Address at the International Day of Forests 2019
The Minister for Forestry, Honourable Osea Naiqamu;
Na Taukei Nakutadrodro, Vanua Nabuavatu;
Na Taukei Erenalaya na Tui Rukuruku;
Na Tui Nahehevia i Wai kei Vanua;
Representatives of Development Agencies, Corporate, Non-Governmental, and Faith-Based Organisations;
School Students, Teachers, Parents & Guardians;
Members of the Media; and
Ladies and Gentlemen.
Cola vina, ni sa bula vinaka, namaste, asalaam alaykum, noa’ia ‘e mauri, and a very good morning to you all. It is indeed an honour and great pleasure to be here this morning to celebrate the 2019 International Day of Forests. I wish to thank all of you, especially the children, for your attendance.
Our gathering today is the culmination of an almost three months-long tree-planting effort that began when I launched Fiji’s 4-Million-Trees-in-4-Years Initiative at the State House in Suva on Tuesday 8 January 2019. This Government Initiative gained momentum when the Honourable Minister and I jointly launched the 2019 International Day of Forests on 1 March, simultaneously in Nadi and Rotuma, respectively. Since then, the Ministry of Forestry has coordinated tree-planting programmes in schools and communities across the country; a first for Fiji, that is, a marked departure from our previous replanting strategies.
The tree-planting programme is only the start of our commitment to plant four million trees in four years as part of our effort to build a greener, more climate resilient and more beautiful Fiji. A Fiji where our forestry sector is a sustainable source of prosperity for our people and a bigger and equally important element of our economic mix.
Ladies and gentlemen, boys and girls, as resource owners and guardians of our natural, beautiful and pristine beloved country, it is considered prudent and important that we better understand the important role that forests play in protecting our natural environment. The relationship between people and forests has been critical to human development for all of recorded history. From the dawn of civilisation, and long before, human beings have looked to forests as part of their home; a source of shelter, food and clothing. The Fijian people were no different. Our history tells us we looked to forests, and the flora within, as sources of medical and healing materials as well.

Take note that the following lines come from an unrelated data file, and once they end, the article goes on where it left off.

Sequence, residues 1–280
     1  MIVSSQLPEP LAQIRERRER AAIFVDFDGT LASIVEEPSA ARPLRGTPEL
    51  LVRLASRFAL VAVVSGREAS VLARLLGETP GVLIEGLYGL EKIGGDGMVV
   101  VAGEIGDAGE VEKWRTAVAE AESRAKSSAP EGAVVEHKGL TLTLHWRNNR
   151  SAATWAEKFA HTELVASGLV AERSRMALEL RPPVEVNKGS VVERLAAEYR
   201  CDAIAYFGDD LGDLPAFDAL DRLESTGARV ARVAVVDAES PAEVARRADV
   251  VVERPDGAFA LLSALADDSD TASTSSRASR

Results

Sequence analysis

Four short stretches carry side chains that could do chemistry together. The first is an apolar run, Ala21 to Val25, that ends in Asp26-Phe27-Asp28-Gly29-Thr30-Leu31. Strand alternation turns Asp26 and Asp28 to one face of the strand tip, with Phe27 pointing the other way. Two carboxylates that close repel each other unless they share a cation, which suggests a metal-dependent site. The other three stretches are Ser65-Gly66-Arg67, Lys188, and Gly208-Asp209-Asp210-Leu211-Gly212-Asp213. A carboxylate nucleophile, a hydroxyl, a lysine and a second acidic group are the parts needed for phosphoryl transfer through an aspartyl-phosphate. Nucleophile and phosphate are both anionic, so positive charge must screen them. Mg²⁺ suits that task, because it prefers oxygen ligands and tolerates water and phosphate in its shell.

Forests also play an important role in addressing the effects of Climate Change. They regulate ecosystems, protect our rich biodiversity and they play an integral part in the carbon cycle as well as in reducing greenhouse gas emissions.
But as civilization has advanced, we have developed commercial agriculture and livestock, replacing the gifts of forests with food, clothing and shelter from other sources. Attitudes towards the forest changed, and the natural balance of sustainability that existed between people and our forests for generations has been shaken as a result. Many irresponsible actors continue to see our forests through the lens of industry and consumption. As a consequence, we have suffered massive deforestation on a global scale. Land has been cleared for agriculture, trees are being cut down to construct homes or being burned to create heat. In a predatory and destructive manner, the appetite of industry has consumed large swaths of our forests and their resources. Only recently, have we begun to realise that the bounty of our forests is not infinite. While forests can regenerate, they were being destroyed too rapidly for many areas to recover. And when forests disappeared, communities suffered. The planet suffered. Humanity suffered.